Google, the world’s most popular internet search engine, has joined the corporate super-league with a market value that places it in the US top five companies.
Ten years after its creation in a Stanford University dormitory, the Silicon Valley firm’s capitalisation reached £105bn on Tuesday – overtaking healthcare titan Procter & Gamble to place it in fifth place on the US stock market.
Only ExxonMobil, General Electric, Microsoft and the telecoms company AT&T are bigger than Google.
Its shares powered past yet another milestone yesterday as they touched $700 for the first time, less than a month after reaching the $600 mark. By mid-morning in New York, they were up $5.27 to $700.04. Google’s growth spurt has been driven by seemingly unstoppable profits.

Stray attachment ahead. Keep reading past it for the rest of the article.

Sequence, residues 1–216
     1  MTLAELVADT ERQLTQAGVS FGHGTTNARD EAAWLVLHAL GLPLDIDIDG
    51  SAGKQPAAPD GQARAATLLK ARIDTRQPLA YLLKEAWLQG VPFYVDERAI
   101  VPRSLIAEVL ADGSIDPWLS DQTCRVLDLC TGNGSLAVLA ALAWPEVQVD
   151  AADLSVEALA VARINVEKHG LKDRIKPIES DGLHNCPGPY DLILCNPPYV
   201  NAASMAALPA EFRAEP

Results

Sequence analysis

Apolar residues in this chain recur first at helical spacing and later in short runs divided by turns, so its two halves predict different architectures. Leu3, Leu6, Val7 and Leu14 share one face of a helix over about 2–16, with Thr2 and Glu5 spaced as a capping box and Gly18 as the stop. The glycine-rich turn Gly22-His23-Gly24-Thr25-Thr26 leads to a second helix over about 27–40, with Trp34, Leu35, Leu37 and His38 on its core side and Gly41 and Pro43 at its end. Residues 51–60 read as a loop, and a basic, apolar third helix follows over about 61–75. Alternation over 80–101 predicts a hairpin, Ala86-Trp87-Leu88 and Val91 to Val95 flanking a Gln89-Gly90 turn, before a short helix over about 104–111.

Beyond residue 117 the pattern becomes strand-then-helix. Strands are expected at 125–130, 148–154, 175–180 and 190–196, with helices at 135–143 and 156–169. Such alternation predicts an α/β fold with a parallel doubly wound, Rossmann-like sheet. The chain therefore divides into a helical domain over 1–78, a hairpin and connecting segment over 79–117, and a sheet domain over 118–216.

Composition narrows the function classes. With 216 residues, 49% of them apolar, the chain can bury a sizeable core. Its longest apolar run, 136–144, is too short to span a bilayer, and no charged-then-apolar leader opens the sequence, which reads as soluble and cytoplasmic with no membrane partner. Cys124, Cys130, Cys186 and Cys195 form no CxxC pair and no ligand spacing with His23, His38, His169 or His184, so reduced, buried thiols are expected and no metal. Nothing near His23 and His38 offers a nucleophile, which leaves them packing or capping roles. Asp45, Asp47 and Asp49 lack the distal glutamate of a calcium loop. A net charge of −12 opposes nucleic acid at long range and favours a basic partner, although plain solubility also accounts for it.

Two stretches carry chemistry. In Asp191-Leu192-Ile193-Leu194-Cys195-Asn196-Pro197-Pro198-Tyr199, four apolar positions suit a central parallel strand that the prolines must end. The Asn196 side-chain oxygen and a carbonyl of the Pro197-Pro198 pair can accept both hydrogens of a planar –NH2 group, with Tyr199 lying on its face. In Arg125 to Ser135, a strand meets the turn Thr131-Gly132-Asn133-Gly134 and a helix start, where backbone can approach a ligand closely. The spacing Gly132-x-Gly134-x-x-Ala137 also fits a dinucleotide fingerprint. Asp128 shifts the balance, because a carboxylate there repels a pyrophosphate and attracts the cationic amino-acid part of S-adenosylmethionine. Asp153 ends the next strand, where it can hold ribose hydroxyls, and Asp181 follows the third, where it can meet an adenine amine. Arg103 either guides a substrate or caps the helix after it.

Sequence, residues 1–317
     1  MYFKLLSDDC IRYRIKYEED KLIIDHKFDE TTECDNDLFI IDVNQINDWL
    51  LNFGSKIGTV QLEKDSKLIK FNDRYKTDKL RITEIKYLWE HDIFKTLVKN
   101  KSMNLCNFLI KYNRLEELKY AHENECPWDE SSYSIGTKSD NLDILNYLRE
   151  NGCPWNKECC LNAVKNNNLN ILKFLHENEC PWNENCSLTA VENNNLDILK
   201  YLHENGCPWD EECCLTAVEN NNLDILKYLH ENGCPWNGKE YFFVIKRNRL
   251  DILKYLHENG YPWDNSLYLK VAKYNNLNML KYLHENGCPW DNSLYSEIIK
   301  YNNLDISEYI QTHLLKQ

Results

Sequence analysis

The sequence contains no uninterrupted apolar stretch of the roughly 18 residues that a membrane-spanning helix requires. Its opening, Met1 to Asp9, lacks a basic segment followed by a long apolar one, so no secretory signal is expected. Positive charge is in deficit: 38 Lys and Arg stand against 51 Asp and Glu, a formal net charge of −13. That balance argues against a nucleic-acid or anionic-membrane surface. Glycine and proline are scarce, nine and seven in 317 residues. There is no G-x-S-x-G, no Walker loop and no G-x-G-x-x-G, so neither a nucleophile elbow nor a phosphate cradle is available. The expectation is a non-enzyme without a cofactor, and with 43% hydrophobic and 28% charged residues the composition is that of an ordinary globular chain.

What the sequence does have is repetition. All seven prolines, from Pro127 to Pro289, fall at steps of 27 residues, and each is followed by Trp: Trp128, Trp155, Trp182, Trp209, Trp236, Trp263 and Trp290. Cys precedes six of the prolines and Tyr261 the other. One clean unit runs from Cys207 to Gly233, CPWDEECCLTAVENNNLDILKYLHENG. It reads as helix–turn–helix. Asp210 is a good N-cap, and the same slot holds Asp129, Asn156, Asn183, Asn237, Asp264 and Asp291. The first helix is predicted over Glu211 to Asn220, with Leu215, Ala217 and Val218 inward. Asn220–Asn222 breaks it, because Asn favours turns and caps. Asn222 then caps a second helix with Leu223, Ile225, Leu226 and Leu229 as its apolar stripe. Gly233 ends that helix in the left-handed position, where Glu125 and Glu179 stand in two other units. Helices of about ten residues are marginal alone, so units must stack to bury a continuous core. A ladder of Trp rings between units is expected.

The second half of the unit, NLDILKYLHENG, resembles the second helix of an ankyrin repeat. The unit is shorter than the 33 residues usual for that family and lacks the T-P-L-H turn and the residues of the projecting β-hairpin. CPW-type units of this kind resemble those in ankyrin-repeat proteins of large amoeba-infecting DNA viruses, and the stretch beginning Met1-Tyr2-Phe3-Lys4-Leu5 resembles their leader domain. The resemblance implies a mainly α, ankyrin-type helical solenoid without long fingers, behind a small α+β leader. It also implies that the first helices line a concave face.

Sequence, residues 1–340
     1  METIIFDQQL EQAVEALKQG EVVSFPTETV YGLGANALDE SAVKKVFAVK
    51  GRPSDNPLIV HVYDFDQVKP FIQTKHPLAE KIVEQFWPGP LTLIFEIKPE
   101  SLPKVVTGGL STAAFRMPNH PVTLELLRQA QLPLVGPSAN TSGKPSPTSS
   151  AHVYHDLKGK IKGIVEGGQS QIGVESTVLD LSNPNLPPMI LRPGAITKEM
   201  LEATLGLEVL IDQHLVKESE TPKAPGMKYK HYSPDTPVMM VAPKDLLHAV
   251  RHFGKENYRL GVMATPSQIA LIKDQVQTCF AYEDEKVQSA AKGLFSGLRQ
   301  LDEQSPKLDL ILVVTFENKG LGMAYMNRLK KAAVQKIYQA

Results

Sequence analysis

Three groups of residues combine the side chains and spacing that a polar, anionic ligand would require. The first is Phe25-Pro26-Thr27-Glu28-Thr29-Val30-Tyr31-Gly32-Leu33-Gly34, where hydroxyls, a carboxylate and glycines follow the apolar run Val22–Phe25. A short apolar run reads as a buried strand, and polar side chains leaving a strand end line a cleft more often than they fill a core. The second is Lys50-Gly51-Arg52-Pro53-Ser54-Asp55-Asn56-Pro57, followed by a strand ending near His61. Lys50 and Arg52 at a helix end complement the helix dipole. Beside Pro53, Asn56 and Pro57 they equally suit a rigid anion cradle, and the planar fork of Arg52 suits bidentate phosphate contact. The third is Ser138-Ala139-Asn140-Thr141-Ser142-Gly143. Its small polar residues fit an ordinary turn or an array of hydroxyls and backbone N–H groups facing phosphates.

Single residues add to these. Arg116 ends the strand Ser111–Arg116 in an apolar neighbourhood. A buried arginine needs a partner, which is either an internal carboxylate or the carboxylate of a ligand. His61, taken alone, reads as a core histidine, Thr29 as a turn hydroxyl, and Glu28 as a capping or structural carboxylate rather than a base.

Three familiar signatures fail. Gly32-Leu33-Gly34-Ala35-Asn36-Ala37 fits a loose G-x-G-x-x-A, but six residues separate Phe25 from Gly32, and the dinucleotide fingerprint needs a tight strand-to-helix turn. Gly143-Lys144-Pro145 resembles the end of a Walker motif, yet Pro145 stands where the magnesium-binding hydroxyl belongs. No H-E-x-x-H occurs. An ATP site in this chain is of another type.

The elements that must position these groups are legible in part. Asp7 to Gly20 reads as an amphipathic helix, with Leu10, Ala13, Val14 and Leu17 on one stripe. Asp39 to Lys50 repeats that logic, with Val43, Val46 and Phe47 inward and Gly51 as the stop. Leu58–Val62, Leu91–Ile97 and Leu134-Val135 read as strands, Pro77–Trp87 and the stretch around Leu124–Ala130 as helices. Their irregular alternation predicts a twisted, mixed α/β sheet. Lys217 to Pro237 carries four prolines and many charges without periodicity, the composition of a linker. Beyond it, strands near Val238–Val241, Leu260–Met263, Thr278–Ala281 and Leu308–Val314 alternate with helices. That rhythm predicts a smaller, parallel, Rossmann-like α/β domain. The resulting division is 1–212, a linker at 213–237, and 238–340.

Here at Reverse Delta, we obviously spend a bit of time tracking Google and the way it works. We hope that the growth tails off soon; if there’s anything bad for the search sector, it’ll be a monopoly.
Remember all the other general search engines, too – whilst they are not popular (so not much worth for concentrating our SEO work on), they’re handy to have if you just can’t find what you’re looking for in Google ….